Monday, October 23, 2017

23. I interrupt this series to practice what I preach.

I am sitting at a terminal in my beloved second home, the public library. It’s seven p.m. on a Monday night. I’ve worked all day, done the grocery shopping, and now it’s time to write.

Life hasn’t stopped being stressful, but I’d adjusted to the ever-present stresses and things were moving along swimmingly. And then the past couple months got bumpy. The bumps didn’t feel like speed bumps. They were the kind that seemed to cause my stress and anxiety to accelerate.

Then on Saturday, with six blog posts planned out, but not yet written, my four-year-old laptop’s charging port stopped working. I knew it was losing juice on Friday morning when the screen displayed: "The battery level is very low. Plug in the computer." The problem was the laptop WAS PLUGGED IN.

I ran downstairs. I grabbed my flash drive and ran back up the stairs. I went into the office where I store my external hard drive and went to town backing up files and photos I should have been backing up all along.

“Mom, have you saved Astrid?” Cadence’s first thought was of my book. And her question reminded me that while I did have it backed up, I hadn’t backed it up since working on it two weekends ago. With a calm determination, I breathed deeply and kept copying files. Gratefully, the laptop still had power after I’d completed the back up.

I’m annoyed that I’ve got to buy a new computer. I’m annoyed that I didn’t have all 31 posts written ahead. I’m annoyed by the inconvenience of having to make trips to the library to do my writing.

But actually more than anything, I’m grateful. I'm grateful that I had time to save all my stuff. Not having a computer at the ready means I have to be creative with my time management. And this: I’ve learned how to schedule my posts for the next few days. This was a feature I hadn’t employed before, but necessity demanded I figure it out, and put it to use, which may potentially ease the need to go to the library every day for the rest of the month.

The biggest thing I am grateful for? The test of whether I can take it easy with myself and my expectations when life doesn’t go as planned. Do I mean it when I write about being gentle with myself? Do my actions match my words?

This computer mess is giving me the opportunity to prove to myself that I really do. As a 31Days participant, I am part of a network of writers who cheer each other on for the month as we write and publish our posts and read each other’s words. I have often observed how hard on themselves these women are when they find themselves a day off their schedule, or they come down with a cold, or life simply gets in the way of the writing. For the past two years, I’ve cheered them on. I’ve reminded them that there are no real rules to this challenge. Writing and publishing for 31 days is a guideline. The world won’t come to an end if a day gets skipped or they have to finish the series after October 31.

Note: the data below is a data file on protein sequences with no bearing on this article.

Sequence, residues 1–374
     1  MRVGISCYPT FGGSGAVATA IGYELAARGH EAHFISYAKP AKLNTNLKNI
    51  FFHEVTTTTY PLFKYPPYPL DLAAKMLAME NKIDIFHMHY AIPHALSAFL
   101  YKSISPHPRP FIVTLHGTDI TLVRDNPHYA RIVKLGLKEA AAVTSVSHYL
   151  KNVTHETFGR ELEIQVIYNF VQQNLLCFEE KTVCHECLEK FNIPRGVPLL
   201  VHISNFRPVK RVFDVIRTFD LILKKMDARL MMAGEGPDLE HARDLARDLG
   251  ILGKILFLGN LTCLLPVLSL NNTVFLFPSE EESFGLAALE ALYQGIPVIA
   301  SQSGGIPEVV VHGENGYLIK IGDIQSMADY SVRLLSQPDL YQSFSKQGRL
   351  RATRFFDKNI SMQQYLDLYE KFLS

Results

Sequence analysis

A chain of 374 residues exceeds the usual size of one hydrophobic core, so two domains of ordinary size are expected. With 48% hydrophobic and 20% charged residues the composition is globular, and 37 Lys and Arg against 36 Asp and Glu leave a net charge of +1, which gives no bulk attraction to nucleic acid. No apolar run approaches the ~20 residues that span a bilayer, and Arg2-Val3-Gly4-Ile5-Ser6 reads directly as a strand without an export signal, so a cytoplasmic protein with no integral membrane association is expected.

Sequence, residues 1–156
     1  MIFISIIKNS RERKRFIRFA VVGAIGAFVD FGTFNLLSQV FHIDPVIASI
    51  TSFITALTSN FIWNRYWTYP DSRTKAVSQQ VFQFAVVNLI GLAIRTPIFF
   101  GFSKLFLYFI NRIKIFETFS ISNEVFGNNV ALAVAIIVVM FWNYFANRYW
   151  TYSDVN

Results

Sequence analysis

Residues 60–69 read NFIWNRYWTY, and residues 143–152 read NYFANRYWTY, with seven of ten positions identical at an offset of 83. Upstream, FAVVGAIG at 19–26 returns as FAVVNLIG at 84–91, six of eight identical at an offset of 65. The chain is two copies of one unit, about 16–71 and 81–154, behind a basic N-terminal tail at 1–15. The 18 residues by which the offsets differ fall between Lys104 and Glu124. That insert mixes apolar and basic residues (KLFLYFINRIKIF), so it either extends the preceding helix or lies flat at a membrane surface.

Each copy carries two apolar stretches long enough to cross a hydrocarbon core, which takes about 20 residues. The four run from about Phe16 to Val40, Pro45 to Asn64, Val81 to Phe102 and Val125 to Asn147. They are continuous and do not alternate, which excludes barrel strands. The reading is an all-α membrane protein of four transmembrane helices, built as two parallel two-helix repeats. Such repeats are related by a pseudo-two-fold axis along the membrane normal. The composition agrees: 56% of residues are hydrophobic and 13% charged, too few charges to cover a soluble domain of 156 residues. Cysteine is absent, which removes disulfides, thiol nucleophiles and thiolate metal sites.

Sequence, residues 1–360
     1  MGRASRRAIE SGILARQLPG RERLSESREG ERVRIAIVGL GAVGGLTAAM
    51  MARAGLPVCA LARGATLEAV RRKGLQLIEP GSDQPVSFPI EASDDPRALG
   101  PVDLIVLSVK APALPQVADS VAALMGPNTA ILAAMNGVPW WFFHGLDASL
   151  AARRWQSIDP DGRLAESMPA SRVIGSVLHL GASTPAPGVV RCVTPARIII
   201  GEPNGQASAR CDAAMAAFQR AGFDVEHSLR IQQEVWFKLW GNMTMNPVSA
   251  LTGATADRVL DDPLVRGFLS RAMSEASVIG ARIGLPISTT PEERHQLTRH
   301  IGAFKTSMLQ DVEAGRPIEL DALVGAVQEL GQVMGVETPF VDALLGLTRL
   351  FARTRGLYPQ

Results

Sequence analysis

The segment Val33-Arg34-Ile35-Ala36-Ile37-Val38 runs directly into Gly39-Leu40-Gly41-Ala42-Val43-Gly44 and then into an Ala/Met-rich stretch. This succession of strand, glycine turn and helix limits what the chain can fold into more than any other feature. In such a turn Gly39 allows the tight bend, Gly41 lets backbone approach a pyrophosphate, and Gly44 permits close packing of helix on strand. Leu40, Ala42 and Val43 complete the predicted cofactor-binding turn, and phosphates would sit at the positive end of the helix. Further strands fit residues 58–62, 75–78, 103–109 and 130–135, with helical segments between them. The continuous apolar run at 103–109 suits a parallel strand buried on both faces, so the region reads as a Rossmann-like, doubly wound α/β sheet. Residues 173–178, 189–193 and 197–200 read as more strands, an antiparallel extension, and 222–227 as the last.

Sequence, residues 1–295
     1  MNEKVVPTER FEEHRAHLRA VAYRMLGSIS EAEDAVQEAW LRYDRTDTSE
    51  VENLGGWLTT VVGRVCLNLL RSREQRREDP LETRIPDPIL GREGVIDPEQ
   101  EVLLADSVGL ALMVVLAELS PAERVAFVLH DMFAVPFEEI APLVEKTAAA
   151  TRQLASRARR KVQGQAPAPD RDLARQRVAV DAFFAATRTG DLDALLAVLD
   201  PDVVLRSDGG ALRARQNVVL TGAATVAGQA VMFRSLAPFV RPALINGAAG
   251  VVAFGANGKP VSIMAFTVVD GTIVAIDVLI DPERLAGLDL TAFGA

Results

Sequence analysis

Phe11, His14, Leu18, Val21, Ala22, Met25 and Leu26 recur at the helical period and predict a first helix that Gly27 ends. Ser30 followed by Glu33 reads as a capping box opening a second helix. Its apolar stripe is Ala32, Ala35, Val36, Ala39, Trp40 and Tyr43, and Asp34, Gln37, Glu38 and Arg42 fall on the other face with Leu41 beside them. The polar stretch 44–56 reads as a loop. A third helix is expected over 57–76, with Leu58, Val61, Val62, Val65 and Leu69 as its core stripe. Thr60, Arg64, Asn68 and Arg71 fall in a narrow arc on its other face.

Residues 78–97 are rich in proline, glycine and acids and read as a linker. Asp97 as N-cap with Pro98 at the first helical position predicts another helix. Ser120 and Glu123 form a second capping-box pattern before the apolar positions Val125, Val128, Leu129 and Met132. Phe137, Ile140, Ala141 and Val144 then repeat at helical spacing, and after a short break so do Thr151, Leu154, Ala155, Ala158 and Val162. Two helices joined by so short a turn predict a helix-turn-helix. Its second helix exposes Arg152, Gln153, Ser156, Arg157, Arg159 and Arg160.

Having my computer malfunction before the series ended presents an opportunity to tell myself the things above that I’ve shared with other writers. Am I listening? Do I believe my own words? Am I giving myself a break?

The answer is yes. A resounding yes. As I have said in the past, it will not matter in a week or a year on what day the series is completed. What’s most important is that a body of work will exist after a strenuous period of contemplation, writing, and publishing. That is where I am concentrating my focus, and I believe it wholeheartedly. I know these circumstances would have knocked me sideways two years ago. I appreciate the self-care I am offering myself in real time. I call that progress.

Saturday, October 21, 2017

22. Weekend Wisdom

"When fear makes your choices for you, no security measures on earth will keep the things you dread from finding you. But if you can avoid avoidance—if you can choose to embrace experiences out of passion, enthusiasm, and a readiness to feel whatever arises—then nothing, nothing in all this dangerous world, can keep you from being safe."

- Martha Beck

21. Weekend Wisdom

-For DH-

"If you ever meet someone brave and powerful enough to walk with you directly through your most unconscious wounds and shadow caves--someone with the stupefying courage to see through the chinks of your armor and then help you take it off--love them because they have done something for you which is impossible to do alone. They will show you the treasure you've been seeking all your life--and they can do this because they aren't afraid of your fear."

Friday, October 20, 2017

20. Relinquished Allegiance to the All-Mighty To-do List

I come from a hearty stock of do-ers on both branches of the family tree. Strong, determined farmers on one side and miners and blue-collar folks on another. I have always been surrounded by people who have worked hard. List makers who were devoted to checking things off the list. I don't know any other way.

But any good thing can become an obstacle in too great a supply.

A few years ago as I could feel the tectonic plates of my internal geography shifting, I began questioning my busy-ness and how well it was serving me. I began exploring the role of rest and sabbath in one's life, and how it might nourish and enrich the work I did.